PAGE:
emphasis in original

I also find it interesting that they make the following criticism, which the second part of my strategy directly addresses (i.e. rotating into the top performing stock asset class over the prior 7 months).
Where we find GTT lacking is that it’s not really a “total” portfolio solution – it’s a single asset class solution. It would be great to see these same concepts applied to other assets in order to build a more robust, diversified portfolio.
If I recall you do not limit yourself to the S&P 500, but after checking for recession, you select among different indices, including foreign ones. The question is whether one can assume that a US recession will impact the entire investing world?

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willthrill81
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Re: My trend following strategy and experience

Post by willthrill81 » Tue Jul 16, 2019 3:12 pm

Always passive wrote:
Tue Jul 16, 2019 3:00 pm
willthrill81 wrote:
Tue Jul 16, 2019 12:06 pm
Forester wrote:
Tue Jul 16, 2019 11:29 am
New article on the method here posted on Allocate Smartly

https://allocatesmartly.com/philosophic ... ing-redux/
Thanks for the link. They agree with me regarding the main strength of the strategy.
Like most trend-following strategies, the strength of GTT hasn’t been in generating outsized returns; it has been in maintaining returns while managing losses.
emphasis in original

I also find it interesting that they make the following criticism, which the second part of my strategy directly addresses (i.e. rotating into the top performing stock asset class over the prior 7 months).
Where we find GTT lacking is that it’s not really a “total” portfolio solution – it’s a single asset class solution. It would be great to see these same concepts applied to other assets in order to build a more robust, diversified portfolio.
If I recall you do not limit yourself to the S&P 500, but after checking for recession, you select among different indices, including foreign ones. The question is whether one can assume that a US recession will impact the entire investing world?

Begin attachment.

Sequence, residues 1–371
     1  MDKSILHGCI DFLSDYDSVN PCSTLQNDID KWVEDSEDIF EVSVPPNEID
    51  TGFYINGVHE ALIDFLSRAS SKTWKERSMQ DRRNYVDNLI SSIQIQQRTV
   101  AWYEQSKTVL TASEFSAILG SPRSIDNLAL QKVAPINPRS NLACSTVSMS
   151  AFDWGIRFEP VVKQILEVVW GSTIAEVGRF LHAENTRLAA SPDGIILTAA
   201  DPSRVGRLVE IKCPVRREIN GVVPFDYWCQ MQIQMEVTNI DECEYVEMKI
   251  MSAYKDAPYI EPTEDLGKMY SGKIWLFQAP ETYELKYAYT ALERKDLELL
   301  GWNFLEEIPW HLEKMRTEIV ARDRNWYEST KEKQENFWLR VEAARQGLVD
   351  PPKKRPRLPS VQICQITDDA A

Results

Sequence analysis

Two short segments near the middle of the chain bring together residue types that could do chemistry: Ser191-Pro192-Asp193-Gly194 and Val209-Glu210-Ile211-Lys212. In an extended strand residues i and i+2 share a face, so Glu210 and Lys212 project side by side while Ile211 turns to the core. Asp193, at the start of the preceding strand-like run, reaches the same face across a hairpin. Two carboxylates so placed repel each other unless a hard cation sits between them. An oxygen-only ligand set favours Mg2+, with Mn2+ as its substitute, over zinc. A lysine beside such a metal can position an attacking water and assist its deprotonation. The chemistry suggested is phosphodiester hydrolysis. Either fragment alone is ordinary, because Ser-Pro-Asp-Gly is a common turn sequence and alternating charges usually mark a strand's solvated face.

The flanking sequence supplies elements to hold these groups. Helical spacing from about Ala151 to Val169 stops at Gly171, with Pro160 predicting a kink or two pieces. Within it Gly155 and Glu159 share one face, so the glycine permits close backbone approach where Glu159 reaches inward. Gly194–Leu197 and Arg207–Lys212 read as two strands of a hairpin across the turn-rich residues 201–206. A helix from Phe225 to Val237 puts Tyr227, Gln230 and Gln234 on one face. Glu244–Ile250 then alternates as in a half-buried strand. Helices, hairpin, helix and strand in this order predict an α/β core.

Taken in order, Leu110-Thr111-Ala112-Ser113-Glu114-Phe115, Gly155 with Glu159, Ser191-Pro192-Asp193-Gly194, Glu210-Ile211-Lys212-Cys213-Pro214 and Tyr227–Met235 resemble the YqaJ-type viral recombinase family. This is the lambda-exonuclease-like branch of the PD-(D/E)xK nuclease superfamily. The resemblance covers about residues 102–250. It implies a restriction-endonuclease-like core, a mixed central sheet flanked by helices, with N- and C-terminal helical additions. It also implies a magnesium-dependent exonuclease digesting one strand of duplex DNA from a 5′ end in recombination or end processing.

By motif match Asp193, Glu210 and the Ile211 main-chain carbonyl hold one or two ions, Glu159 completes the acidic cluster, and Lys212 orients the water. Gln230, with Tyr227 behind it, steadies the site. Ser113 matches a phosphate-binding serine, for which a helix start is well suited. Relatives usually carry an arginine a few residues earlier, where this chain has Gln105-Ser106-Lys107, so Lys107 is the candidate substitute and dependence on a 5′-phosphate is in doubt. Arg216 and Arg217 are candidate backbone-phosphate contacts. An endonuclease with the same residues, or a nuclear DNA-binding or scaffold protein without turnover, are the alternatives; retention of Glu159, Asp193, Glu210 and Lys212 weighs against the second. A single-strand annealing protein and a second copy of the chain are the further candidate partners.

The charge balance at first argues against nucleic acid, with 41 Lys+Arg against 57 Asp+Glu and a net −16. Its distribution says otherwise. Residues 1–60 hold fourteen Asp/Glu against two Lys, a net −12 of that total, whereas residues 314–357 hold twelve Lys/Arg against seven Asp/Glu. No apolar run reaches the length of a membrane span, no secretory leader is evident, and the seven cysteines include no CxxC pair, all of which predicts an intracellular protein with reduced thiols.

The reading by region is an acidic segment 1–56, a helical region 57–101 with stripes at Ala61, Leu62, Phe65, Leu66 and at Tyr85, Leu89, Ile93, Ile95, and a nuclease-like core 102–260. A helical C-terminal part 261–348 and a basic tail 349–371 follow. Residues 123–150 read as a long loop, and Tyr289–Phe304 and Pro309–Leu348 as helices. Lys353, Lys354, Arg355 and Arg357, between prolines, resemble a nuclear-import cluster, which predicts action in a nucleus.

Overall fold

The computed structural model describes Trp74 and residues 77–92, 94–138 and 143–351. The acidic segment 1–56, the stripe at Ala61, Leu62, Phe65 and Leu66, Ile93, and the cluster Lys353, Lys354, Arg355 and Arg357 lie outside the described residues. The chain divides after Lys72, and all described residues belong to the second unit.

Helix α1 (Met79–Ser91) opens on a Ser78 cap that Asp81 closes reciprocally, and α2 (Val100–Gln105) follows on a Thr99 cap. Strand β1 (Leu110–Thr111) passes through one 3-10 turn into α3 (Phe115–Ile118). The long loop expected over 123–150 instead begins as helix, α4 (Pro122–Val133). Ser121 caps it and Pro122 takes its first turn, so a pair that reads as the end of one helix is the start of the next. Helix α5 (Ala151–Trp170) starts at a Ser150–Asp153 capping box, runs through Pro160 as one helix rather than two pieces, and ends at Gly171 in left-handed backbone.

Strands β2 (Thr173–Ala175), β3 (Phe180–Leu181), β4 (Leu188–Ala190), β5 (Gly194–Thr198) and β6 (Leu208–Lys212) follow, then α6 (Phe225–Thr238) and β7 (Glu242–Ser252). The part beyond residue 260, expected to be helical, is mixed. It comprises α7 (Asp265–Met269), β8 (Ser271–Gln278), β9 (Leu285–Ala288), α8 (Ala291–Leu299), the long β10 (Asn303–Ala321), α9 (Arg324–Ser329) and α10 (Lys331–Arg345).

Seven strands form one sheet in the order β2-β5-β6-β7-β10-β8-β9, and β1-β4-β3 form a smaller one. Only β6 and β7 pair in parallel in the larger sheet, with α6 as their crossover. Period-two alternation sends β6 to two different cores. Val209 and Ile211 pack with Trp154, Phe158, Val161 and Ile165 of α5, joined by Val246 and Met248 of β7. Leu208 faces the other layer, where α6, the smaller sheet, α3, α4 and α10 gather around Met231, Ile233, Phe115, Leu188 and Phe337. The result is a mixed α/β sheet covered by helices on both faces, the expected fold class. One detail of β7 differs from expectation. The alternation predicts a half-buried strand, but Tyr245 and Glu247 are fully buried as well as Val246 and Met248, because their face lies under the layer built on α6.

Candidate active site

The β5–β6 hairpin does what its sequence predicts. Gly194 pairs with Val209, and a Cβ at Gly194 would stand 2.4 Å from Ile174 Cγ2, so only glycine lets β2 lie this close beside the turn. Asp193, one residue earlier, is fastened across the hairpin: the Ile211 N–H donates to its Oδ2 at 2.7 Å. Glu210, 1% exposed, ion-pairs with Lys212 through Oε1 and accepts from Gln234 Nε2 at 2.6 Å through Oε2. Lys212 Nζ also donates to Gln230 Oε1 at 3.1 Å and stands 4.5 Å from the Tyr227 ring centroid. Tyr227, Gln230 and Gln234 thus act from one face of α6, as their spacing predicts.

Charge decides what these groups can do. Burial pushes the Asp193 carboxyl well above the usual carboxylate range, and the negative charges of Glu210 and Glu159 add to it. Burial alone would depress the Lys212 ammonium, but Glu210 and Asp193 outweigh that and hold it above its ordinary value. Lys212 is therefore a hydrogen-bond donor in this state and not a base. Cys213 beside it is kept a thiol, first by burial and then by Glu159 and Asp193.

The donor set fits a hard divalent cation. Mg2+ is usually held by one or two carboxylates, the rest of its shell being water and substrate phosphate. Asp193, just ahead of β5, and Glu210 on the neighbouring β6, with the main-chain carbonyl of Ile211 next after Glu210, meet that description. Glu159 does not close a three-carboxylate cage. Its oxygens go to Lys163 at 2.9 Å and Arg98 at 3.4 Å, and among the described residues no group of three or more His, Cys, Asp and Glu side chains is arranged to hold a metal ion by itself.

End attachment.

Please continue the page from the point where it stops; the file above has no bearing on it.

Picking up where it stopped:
The links in the OP include an analysis of ex-U.S. equities. What might be surprising to some is that, historically, the U.S. unemployment rate has had far more to do with other nations' stock performance than their nation's economic status.
“It's a dangerous business, Frodo, going out your door. You step onto the road, and if you don't keep your feet, there's no knowing where you might be swept off to.” J.R.R. Tolkien,The Lord of the Rings

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BlueEars
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Re: My trend following strategy and experience

Post by BlueEars » Tue Jul 16, 2019 7:25 pm

willthrill81 wrote:
Tue Jul 16, 2019 3:12 pm
...
The links in the OP include an analysis of ex-U.S. equities. What might be surprising to some is that, historically, the U.S. unemployment rate has had far more to do with other nations' stock performance than their nation's economic status.
I would agree from what I have seen.

Some years ago I modified a trend following system as if I were a Japanese using the SP500 as a trend indicator on whether to stay in stocks or go to Treasuries. Also it switched between the EAFE and large US value or large US growth up to 1983 and then the NIkkei (instead of EAFE) was used from 1984 to 2012. This was due to the limits I had on data availability.

The results were converted to Yen too. The CAGR = 15.1% was excellent for such a far sighted :wink: Japanese investor. It did result in a fairly high 2.2 trades per year. I was using this as an out of sample test of the algorithm I was studying.